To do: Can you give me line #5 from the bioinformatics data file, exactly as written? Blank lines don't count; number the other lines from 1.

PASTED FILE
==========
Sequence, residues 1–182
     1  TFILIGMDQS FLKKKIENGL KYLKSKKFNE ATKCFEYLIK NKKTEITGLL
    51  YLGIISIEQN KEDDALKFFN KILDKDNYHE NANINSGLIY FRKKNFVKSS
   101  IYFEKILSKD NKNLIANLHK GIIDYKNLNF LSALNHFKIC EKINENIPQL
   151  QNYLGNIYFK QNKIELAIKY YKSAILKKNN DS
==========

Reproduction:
   151  QNYLGNIYFK QNKIELAIKY YKSAILKKNN DS